CT scan of acute invasive fungal sinusitis caused by zygomycosis. There is increased attenuation in the ethmoid air cells with destruction of the median wall of the left orbit (arrow).

Thursday, October 25, 2012

US FDA issues guidelines for developing drugs for acute bacterial sinusitis

The US Food and Drug Administration (FDA) has issued guidelines for the pharmaceutical  industry for developing antimicrobials for the treatment of acute bacterial sinusitis (ABS).

The FDA stated that any new drug being studied for ABS should have documenting in-vitro antibacterial activity against the most commonly pathogens associated with ABS. These include Streptococcus pneumoniae, Haemophilus influenzae, and Moraxella catarrhalis.

Even though animal models of ABS has been developed, particularly for S. pneumoniae infection, they cannot substitute for clinical trials in patients that must be conducted to evaluate drug safety and efficacy. The FDA recommend that two adequate and well-controlled human trials establishing safety and efficacy be conducted for that indication.  However, a single trial for an ABS indication may be appropriate if there is data from other clinical trials demonstrating effectiveness in other respiratory tract diseases such as community acquired bacterial pneumonia.

Additional supportive information like pharmacokinetic and pharmacodynamic studies demonstrating concentration of the antibacterial drug in the sinuses at a level expected to be active against the common pathogens causing ABS would be required. Because direct assessment of ABS symptoms to support a conclusion of treatment benefit in response to antibacterial drug therapies is readily measured no surrogate markers of success of therapy are needed.

Antimicrobials with clinically significant toxicity would not be considered appropriate for study of ABS unless treatment of a more seriously ill patient population is being considered.

Thursday, March 22, 2012

New guideline for the treatment of sinusitis released by the Infectious Diseases Society of America (IDSA).

The new guideline emphasize that the vast majority of sinus infections are caused by viruses and should not be treated with antibiotics. In those cases the new guidelines call for shorter treatment time than older guidance, which suggested a 10 to 14 days weeks of antibiotic treatment for a bacterial infection. The IDSA guideline suggests that five to seven days is long enough to treat  most bacterial infection without encouraging resistance in adults, though children should still receive the longer course.

Because of increasing resistance to amoxicillin (the current standard of care) the guideline recommends amoxicillin-clavulanate as the treatment of choice for acute sinusitis.  Amoxicillin-clavulanate is a combination that helps to overcome antimicrobial resistance by inhibiting an enzyme that breaks down the antibiotic.
The guidelines also recommend against other commonly used antibiotics, including azithromycin, clarithromycin and trimethoprim/sulfamethoxazole, because of growing drug resistance.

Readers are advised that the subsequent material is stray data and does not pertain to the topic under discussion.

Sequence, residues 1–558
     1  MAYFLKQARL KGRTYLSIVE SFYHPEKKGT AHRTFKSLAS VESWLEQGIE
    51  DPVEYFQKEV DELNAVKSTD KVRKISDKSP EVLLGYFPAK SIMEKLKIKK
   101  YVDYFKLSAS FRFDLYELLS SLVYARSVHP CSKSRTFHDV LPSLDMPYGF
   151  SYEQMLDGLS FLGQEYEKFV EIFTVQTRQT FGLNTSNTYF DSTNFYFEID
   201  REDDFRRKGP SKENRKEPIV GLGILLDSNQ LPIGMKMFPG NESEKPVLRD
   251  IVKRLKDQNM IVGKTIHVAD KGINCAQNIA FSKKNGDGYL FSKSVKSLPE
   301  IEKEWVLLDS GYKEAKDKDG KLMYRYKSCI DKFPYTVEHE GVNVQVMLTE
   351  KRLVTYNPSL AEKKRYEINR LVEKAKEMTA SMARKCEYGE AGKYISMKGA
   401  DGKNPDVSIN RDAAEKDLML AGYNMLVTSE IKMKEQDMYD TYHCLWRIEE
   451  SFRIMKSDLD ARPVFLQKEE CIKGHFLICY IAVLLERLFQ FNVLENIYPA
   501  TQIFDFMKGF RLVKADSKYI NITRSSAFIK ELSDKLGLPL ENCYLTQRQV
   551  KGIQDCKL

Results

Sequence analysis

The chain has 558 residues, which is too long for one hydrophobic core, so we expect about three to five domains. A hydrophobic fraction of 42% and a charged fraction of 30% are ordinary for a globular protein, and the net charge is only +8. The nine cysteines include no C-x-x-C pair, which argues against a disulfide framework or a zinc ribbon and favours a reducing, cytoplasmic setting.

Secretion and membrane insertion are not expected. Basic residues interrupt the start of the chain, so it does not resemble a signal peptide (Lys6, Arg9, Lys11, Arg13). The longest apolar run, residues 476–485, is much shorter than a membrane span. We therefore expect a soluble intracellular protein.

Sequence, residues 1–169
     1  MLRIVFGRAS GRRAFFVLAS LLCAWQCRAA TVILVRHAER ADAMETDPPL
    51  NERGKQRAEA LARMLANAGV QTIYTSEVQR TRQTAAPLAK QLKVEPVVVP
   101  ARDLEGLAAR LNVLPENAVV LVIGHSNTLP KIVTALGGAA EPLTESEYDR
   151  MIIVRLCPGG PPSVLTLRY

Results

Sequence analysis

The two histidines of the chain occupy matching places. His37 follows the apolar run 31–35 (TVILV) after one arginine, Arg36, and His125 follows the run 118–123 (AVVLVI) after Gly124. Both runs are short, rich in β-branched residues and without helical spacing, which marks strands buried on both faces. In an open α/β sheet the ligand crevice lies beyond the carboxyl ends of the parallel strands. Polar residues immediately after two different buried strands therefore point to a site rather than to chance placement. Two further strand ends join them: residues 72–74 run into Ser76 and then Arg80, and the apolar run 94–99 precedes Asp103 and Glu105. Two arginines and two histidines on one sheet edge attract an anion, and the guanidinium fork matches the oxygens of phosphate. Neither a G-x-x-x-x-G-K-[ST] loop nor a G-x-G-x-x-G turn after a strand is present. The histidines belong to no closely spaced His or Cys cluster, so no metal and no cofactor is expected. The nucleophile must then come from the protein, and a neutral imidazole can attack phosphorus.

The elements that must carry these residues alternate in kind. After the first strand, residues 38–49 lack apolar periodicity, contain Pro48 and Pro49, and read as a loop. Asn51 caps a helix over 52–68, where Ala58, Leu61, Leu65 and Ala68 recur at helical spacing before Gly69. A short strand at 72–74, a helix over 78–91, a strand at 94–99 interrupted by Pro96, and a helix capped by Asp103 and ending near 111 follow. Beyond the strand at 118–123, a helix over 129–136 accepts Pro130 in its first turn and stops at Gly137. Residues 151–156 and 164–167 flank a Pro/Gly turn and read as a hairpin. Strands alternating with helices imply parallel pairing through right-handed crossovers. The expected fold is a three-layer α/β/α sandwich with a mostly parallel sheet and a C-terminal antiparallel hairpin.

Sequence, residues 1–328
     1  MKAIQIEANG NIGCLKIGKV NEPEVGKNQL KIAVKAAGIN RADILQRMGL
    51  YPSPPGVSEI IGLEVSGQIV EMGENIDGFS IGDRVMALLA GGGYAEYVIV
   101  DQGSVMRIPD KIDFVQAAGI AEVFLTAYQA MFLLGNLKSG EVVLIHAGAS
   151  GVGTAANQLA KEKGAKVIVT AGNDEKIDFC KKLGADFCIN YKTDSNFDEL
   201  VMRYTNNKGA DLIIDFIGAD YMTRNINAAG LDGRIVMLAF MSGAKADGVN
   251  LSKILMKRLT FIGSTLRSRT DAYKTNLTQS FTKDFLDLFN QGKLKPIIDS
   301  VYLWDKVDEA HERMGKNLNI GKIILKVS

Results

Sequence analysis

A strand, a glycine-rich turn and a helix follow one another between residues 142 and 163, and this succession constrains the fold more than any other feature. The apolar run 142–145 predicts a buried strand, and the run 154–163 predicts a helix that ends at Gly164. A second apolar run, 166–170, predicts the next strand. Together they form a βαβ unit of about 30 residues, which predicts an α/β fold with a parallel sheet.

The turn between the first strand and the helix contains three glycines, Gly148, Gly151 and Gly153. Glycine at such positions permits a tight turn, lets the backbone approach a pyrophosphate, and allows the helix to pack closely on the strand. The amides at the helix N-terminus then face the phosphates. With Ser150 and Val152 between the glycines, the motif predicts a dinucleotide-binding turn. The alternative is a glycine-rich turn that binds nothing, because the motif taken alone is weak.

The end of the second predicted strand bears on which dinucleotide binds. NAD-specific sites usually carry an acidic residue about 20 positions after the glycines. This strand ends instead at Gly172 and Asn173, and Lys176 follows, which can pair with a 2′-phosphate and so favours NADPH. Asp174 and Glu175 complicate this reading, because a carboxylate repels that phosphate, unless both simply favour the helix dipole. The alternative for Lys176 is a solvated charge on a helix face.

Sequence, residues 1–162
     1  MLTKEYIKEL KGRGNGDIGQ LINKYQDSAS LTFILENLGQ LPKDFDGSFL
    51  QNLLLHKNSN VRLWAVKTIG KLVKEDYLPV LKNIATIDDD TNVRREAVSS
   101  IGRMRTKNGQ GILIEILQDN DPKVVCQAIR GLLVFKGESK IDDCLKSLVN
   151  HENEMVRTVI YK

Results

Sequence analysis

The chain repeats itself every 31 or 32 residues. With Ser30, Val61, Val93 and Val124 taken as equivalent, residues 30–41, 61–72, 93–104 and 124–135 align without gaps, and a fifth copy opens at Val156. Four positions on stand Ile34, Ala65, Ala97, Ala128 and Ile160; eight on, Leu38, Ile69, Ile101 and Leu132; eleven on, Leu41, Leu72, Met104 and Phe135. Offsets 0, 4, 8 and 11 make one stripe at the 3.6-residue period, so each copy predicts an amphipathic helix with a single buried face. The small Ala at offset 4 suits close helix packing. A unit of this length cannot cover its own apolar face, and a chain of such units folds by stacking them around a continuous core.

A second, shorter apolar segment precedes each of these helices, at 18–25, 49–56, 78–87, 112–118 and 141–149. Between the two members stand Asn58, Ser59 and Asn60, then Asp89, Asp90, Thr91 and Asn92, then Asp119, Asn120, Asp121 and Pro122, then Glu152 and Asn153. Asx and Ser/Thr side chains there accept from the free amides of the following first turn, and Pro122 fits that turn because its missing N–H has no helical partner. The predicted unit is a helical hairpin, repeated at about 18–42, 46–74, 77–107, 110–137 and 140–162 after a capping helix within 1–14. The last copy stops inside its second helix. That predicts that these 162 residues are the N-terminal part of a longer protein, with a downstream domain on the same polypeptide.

Whether the sinus infection is bacterial or viral, the use of decongestants and
antihistamines is not recommended as they may make symptoms worse. Nasal steroids can help ease symptoms as may nasal irrigation using a sterile solution, including sprays, drops or liquid. It is also recommended to use acetaminophen for sinus pain and drink plenty of fluids.

The symptoms of a bacterial sinus infection that does warrant prompt attention and possibly antibiotics are:
1. Symptoms that last for 10 or more days and are not improving, or severe symptoms accompanied by a fever of 102 degrees Fahrenheit or higher
2. Facial pain and green nasal discharge that lasts for 3 or 4 days
3. Symptoms that initially improve after 5 to 7 days, but then return and worsen.

Wednesday, February 15, 2012

Is amoxacillin an adequate agent for the treatment of sinusitis?

A recent study by Garbutt and associates evaluated the effect of amoxicillin treatment over symptomatic treatments for adults with clinically diagnosed acute sinusitis.

They performed a randomized, placebo-controlled trial of 166 adults with uncomplicated, acute sinusitis between 2006 and 2009. Patients were randomized to receive a 10 days course of either amoxicillin ( 85 patients) or placebo (81 patients). All received a supply of symptomatic treatments for pain, fever, cough, and nasal congestion to use as needed. On day 3 of treatment, there was no difference in improvement between placebo-takers and those prescribed antibiotics. On day 7, the antibiotic group reported a slight improvement that the researchers said was unlikely to represent a noticeable relief in symptoms, but that edge disappeared by day 10, when 80 percent of patients in both groups reported they felt better or cured.

The main problem in this study is that many of the patients included in it may have not suffered from bacterial sinusitis but a viral one rendering amoxicillin useless. Furthermore, amoxicillin is no longer a reliable antimicrobial for the treatment of bacterial sinusitis. This is because many of the pathogens causing bacterial sinusitis have become resistant to it. These include Streptococcus pneumoniae (5-10% highly resistant), haemophillus influenzae (30-40%), Moraxella catarrhalis (>95%) and Staphylococcus aureus (>80%).